A music-playing toothbrush is on my list of top most genius inventions ever, so when I was hired to be a part of the Tooth Tunes™ Back-to-School campaign, I did a quick jig (and then said a quiet prayer that I’d get one with a One Direction song–yes, I like them, what?).
Regardless of how much I love my gold tooth, I’m still hoping my kids don’t end up with a grill. My older daughter has already had five cavities and my younger daughter is following right behind her with two. Getting them to brush for the full two minutes as suggested by their dentist is the hardest part (I didn’t even know until a few years ago that we’re supposed to brush for that long, which is probably why I have a gold tooth).
Now, with Tooth Tunes™, they get to boogie while they brush, and they do it for a full two minutes. There’s no setting a timer, or just hoping they brush that long—the timing is built into the brush. BAM!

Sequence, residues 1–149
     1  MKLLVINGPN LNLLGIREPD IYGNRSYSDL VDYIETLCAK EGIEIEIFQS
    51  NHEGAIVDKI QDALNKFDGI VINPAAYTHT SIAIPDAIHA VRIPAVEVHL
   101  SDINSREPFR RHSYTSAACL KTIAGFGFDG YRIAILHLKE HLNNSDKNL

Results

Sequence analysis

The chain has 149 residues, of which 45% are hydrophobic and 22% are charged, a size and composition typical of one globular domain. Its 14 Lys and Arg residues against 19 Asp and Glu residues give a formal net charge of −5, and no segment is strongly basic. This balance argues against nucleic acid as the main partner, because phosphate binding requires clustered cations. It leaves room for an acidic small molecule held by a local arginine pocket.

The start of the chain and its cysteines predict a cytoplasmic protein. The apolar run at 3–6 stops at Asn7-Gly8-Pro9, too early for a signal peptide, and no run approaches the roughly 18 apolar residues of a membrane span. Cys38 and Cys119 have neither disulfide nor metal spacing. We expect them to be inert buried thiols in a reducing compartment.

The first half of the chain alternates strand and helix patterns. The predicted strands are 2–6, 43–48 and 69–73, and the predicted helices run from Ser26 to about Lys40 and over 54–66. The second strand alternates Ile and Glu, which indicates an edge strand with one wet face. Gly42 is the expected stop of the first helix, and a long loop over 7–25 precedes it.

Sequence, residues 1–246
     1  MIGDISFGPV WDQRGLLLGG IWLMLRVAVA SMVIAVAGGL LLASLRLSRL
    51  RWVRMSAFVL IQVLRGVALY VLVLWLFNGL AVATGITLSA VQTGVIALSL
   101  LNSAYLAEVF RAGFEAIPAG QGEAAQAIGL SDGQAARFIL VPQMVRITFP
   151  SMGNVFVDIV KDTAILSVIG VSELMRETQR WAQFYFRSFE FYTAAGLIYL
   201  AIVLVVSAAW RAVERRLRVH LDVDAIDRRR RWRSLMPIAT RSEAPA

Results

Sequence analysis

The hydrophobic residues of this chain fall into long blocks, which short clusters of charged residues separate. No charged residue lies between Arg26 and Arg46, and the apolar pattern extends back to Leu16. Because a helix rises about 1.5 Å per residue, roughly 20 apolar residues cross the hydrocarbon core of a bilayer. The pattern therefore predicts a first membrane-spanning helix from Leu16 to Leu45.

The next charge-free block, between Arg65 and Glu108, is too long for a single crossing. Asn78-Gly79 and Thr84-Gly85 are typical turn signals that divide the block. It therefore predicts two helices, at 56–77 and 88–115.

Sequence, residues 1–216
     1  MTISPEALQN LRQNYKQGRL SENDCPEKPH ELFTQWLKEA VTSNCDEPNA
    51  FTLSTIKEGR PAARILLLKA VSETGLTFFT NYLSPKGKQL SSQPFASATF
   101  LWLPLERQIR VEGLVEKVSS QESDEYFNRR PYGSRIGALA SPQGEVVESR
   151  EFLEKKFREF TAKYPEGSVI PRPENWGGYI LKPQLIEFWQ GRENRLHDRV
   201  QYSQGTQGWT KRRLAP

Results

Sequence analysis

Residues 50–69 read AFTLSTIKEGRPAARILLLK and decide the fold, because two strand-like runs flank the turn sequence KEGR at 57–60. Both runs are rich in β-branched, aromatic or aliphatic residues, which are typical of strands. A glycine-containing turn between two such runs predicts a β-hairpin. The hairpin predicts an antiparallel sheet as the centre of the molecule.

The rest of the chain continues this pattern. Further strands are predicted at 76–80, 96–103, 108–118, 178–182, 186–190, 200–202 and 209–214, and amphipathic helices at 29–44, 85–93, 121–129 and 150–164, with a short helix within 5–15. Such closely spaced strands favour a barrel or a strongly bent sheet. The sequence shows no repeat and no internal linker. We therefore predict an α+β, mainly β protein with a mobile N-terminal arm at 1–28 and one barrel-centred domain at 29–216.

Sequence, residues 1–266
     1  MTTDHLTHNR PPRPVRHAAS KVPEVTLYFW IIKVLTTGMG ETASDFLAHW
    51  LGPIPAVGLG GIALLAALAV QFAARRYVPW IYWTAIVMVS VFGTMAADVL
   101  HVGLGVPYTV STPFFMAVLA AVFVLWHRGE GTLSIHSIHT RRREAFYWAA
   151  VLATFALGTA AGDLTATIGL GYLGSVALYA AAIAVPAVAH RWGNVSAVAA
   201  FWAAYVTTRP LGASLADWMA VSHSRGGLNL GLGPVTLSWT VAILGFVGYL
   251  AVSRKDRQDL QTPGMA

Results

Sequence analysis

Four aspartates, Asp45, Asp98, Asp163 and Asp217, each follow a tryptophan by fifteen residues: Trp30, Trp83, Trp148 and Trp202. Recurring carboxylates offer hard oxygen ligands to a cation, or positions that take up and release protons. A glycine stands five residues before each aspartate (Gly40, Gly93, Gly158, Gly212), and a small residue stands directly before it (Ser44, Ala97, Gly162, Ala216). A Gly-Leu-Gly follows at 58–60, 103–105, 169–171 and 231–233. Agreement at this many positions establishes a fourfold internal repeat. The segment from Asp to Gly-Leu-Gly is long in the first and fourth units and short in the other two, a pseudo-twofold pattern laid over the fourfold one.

In case you’re not familiar with how a Tooth Tunes tooth brush works–basically, sound vibrations stream from the bristles through your teeth so you hear music in your head. You won’t hear the music until you start brushing.
Here’s a quick vid of my kids demonstrating how it works:
Any chance my kids have to sing and dance they’ll take so I cannot be more thrilled with these things! (And P.S. I’m cracking up that Lexi made up a random number of how many cavities she’s had and then Lily called her out on it).
Popular songs offered by Tooth Tunes include:
“One Thing” by One Direction
“We Found Love” by Rihanna
“We Will Rock You” by Queen
Tooth Tunes Jr. “The Alphabet Song”
Tooth Tunes Jr. “Brush-a-long Song”
And so much more!
Now they just need to come up with musical dental floss and we’ll be set for life.